Born in May 1945, Victor was raised in Western Australia. He attended Victoria Park and Attadale primary schools and later was elected captain of Applecross High, where he was active in sports and drama. He studied for a Bachelor of Arts degree at the University of Western Australia and graduated in 1967 with first class honours in English and French. He spent some time in grad school at the University of NSW but shelved further academic work in favour of theatre, performing at the original Nimrod Street theatre in Sydney and with the Australian Performing Group, at the famous Pram Factory Theatre in Carlton, Victoria.
In his mid-twenties, Victor felt compelled to seek out a reliable spiritual basis for his life. He could feel, from his high-school days, that if heterosexuality were the only authorized form of sexual expression, then Christianity was the compulsory and only approved pathway for the religious life. He dabbled with psychedelics, with disastrous results, but even that detour nudged him in a better direction. Quitting drugs, yet feeling virtually zero inner resonance with the conventional churches, he began to read his way around the great religious traditions of the world.
It was an unexpected meeting with a young guru in 1972 that turned his life around, and he lived for more than a decade as a modern-day monk, studying and eventually teaching meditation on behalf of his spiritual Master in a dozen countries in Asia and the Pacific. With no 'home base', he travelled to as many 72 cities a year. Trust in the connection with his Teacher became his only reliable lifeline, again and again demonstrating the reality of Grace. He realised that his real 'home' had to be located within and that there was real freedom in being liberated from any one set of cultural norms or conceptual frames.
The work underlined for him the reality of a common unity, a ground of being lying behind the multiplicity of differences in culture, religion, language, politics and class and, both in his own practice and in this wider, transcultural setting, he found a profound healing of the anxiety and alienation that had been his modus vivendum, growing up as a faerie child in Australia. While encounters with toxic, conventional religious teachings had tended to exacerbate his anxiety, the empirical set of meditation practices that he was engaged in shifted him into a re-alignment with the 'real' state of affairs.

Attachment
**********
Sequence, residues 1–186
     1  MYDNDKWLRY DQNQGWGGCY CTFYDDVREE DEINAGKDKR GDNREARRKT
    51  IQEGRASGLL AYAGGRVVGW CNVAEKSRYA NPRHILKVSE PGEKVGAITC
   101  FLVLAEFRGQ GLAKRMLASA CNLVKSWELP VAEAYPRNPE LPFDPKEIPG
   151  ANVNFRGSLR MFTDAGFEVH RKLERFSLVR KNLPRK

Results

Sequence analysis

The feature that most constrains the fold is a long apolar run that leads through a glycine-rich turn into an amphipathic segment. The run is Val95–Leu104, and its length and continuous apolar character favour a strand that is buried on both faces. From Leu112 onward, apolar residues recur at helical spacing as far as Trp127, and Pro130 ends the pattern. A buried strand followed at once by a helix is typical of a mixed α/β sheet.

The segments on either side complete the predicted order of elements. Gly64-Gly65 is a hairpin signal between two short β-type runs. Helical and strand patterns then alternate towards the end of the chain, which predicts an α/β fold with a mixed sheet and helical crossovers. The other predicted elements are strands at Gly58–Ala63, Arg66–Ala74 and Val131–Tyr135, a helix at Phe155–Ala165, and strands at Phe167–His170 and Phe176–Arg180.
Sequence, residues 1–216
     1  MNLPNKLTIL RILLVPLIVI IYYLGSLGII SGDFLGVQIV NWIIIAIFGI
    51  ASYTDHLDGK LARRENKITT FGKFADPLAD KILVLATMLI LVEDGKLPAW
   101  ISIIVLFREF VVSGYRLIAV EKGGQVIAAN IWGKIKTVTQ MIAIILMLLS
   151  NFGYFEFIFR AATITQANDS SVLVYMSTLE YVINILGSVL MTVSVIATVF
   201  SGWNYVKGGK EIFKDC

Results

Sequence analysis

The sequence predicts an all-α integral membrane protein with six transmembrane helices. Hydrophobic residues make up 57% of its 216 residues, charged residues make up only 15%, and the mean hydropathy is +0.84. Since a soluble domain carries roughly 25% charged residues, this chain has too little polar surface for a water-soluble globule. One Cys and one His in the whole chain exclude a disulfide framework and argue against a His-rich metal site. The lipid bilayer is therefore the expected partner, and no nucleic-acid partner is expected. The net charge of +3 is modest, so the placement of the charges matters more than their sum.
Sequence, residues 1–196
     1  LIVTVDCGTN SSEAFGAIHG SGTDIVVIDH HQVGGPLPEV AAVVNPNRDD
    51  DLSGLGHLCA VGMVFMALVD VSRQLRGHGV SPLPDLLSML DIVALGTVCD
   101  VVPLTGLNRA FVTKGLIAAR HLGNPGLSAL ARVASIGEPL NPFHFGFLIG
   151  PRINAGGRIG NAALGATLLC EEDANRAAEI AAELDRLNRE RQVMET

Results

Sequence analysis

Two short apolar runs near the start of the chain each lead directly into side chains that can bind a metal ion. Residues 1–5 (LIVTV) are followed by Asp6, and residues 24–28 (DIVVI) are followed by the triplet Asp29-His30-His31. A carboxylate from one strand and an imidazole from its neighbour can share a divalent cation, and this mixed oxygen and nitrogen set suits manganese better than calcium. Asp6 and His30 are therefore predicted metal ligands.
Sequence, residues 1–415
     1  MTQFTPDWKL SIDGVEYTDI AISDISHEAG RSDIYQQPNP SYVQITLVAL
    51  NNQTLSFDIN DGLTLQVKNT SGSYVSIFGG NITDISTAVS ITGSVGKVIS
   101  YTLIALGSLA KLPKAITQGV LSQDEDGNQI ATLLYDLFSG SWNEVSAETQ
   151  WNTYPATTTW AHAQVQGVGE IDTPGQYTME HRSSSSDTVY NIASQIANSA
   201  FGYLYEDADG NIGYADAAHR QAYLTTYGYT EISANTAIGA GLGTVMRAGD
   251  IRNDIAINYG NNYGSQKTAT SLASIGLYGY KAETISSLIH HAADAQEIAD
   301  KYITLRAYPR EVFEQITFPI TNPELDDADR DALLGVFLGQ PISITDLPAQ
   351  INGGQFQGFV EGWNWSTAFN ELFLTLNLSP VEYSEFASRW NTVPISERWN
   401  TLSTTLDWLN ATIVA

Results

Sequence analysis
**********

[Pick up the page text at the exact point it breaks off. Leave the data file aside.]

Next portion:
It was a rare privilege to engage with this service. However, after more than a decade, he reached the point where it became necessary to face the issue of sexuality squarely and find out how to integrate it as a legitimate part of life, alongside his spiritual realisation. He found was that his deep and regular connection to the infinite Self-beyond-self, Being-beyond-doing had not miraculously transformed him into a well-adjusted, law-abiding Christian heterosexual.
His guru gave him his blessings to pursue his quest and he re-entered the everyday world of work, relationships, and housing trying to create a career out of thin air. Everything he had learned 'on the road' was seriously tested in the hurly burly of his working life. What he had found through the spiritual work continued to balance and support him in this new phase of discovery.
Just he was re-entering the wider society, he heard disturbing news of a deadly virus stalking the newly liberated, queer sub-culture. He had good reason to be grateful for the beneficial shelter he had found in the celibate setting of the ashrams but he knew he had to tread warily in this new direction.
Continuing daily with the meditation practices, in 1983 he found work in television, working on several popular Australian shows: the wildly popular entertainment Young Talent Time and the sci-tech Beyond 2000 among them, and he reviewed movies on Don Lane's talk show Late Night Oz for Network TEN. For Beyond 2000 he was transferred to Los Angeles and he arrived in the land of his maternal grandparents on July 4th, 1989. Originally assigned for 3 months he stayed some 13 years.
While continuing working in television Marsh completed a Certificate in Gay and Lesbian Culture at the Institute for G&L education, in West Hollywood and gained a green card (becoming a 'resident alien'), then full citizenship.